Childhood's End: Harry Potter and the Deathly Hallows, Part 2--The Movie
It's over. For better or worse, more or less, the Harry Potter media phenomenon is completed. Over a decade for the seven books and over 22 hours of film have told J. K. Rowling's story of the boy who lived, the boy who fought against burgeoning evil and became a man to stand as the last mortal in single combat with the ultimate evil.
The one theme of themes, the sweeping spectacle of human and magical forces battling it out and mere mortals rising to battle heroically with only the armor of their human bonds with each other and their own courage--it is almost too much for any book, any movie, to encompass. And whatever may be said, about the special effects, the cinematography, the actors, it cannot be said that the final movies lost sight of the serious theme that Rowling took on. And the final two, under Director David Yates, are therefore well worth seeing.
Like its immediate predecessor, Harry Potter and the Deathly Hallows, Part 1, this movie has little of the humor and none of the light-hearted fun of the early books. Dumbledore is dead. Sirius is dead, and this movie begins with Harry completing the burial of Dobby, the last comic relief in the series, and the pall that filled the first half continues here in full force. (See my review of Part 1 here.) But unlike Part 1, there's no time left for the characters to explore their new maturity, no time for the quest, the sleuthing out of the horcruxes and for destroying them one by one. There remains only one, and the three friends first agree that it must reside inside Nagini, Voldemort's enormous snake and constant companion.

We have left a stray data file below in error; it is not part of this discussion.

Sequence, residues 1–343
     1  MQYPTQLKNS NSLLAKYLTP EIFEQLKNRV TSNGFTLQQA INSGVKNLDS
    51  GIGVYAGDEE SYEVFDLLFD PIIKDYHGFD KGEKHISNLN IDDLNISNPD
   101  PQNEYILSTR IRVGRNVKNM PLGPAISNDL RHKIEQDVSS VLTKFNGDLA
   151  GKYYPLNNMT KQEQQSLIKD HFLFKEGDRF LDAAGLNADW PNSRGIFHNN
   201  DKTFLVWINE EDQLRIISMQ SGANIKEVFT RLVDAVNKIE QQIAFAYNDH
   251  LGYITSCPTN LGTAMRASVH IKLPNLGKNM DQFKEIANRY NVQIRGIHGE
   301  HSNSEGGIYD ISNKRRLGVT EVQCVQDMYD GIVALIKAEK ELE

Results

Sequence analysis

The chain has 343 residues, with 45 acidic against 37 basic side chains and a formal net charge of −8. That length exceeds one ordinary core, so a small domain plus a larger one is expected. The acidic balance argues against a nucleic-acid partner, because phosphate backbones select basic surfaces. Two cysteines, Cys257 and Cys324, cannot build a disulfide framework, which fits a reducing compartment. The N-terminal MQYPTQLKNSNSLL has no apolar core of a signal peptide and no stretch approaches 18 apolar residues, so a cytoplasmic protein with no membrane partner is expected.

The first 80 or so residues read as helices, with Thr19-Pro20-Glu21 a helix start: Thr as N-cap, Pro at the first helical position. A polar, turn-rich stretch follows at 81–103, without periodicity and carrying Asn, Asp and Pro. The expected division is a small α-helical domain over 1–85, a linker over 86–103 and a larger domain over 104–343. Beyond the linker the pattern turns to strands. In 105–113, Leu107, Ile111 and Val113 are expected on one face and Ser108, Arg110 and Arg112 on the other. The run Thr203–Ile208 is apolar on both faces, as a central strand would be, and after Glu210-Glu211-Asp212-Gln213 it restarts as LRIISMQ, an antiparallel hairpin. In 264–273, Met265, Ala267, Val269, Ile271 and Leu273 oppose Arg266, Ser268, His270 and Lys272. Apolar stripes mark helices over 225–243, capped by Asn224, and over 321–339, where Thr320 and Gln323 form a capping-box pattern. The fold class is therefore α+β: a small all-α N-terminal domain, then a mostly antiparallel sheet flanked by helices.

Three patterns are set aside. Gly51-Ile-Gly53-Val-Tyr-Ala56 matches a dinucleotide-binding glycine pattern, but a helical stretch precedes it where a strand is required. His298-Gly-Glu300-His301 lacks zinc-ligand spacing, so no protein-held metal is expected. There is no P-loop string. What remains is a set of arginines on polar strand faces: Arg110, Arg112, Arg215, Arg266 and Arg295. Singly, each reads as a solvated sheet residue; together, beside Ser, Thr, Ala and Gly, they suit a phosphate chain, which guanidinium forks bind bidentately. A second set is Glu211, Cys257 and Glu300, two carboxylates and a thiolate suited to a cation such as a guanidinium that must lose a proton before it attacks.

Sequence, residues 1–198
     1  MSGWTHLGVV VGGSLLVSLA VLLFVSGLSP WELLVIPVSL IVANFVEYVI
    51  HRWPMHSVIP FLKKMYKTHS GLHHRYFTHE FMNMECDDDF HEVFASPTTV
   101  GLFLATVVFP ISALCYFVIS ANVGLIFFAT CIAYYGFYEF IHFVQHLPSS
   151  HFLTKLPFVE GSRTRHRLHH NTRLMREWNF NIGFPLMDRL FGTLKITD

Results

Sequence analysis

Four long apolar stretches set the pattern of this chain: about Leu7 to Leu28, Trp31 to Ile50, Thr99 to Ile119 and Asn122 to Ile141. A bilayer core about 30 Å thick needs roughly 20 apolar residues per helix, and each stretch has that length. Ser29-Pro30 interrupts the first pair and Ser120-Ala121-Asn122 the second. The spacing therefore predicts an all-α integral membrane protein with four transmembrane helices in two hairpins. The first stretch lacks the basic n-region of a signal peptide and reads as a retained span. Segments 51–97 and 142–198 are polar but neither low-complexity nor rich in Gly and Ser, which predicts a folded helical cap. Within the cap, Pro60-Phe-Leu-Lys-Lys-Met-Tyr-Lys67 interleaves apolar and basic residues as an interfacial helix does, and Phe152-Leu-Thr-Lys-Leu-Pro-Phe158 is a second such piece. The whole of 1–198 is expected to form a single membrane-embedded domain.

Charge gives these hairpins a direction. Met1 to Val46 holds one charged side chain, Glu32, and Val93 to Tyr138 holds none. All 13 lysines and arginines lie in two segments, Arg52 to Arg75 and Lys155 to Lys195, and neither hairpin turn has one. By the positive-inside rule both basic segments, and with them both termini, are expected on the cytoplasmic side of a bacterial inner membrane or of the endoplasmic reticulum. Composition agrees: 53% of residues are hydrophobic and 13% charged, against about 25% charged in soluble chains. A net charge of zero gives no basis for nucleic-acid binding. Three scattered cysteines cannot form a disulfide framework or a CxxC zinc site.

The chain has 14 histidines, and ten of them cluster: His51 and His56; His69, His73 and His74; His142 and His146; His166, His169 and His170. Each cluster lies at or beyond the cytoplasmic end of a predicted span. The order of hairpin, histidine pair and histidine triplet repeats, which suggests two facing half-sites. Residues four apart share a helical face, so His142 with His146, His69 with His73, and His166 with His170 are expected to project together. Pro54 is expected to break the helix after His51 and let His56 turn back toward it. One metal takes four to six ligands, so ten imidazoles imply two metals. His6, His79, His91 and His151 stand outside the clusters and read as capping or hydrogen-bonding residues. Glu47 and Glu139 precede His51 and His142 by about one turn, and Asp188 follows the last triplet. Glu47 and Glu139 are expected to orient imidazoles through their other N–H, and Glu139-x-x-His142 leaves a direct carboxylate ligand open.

But then Harry returns to Hogwarts, with the traitorous Snape now headmaster, to consult an eyewitness, not a living one, but the legendary Gray Lady, ghost of Hogwarts. And what the Gray Lady tells him leads Harry at last to what he has unknowingly known long since--the final horcrux and last locus of Valdemort's power lies indeed within himself, transformed there when Voldemort killed his parents but was unable to end the life of the infant Harry.
So, as with all the great heroes of literature and legend, the struggle comes down to one within the hero himself. Harry knows that the final destruction of Voldemort must include his own end. In a dramatic scene with the cherished dead of his life, Lily, James, Sirius, and the rest, Harry confronts his own death, and in the end, as the dying Snape reveals his lifelong love for Lily, Harry sees that the story has come full circle, and there there is only one choice for him. And he knows that Snape himself has prepared the way for that epic battle and its ultimate outcome.
Viewers and critics will argue endlessly over how the movie ends. I felt that the film's ending, with Harry's resurrection, only made Rowling's equivocal ending less definitive, but others will be satisfied with knowing "what happens next" after Harry and Voldemort fulfill their mutual destiny, seeing Voldemort's final disintegration and Harry's son, Aldus Severus Potter, off to Hogwarts, full circle once more.
So it is done. Harry Potter began as books that belonged to children, something that was their own special world, their own thing. Now those readers are entering adulthood and have passed their well-worn books on to those who come after them. So too, now with the films. After all, that is the way with literature: it belongs to its fans, and then it belongs to the ages. Loved or judged, literary legend or religious allegory, whatever, Harry now belongs to the next generation and the next.
“Tell me one last thing,” said Harry. “Is this real? Or has this been happening inside my head?”
“Of course it is happening inside your head, Harry," said Dumbledore, "but why on earth should that mean that it is not real?"
Harry Potter and the Deathly Hallows, Part 2, Warner Brothers, 2011, 130 minutes, Rated PG-13.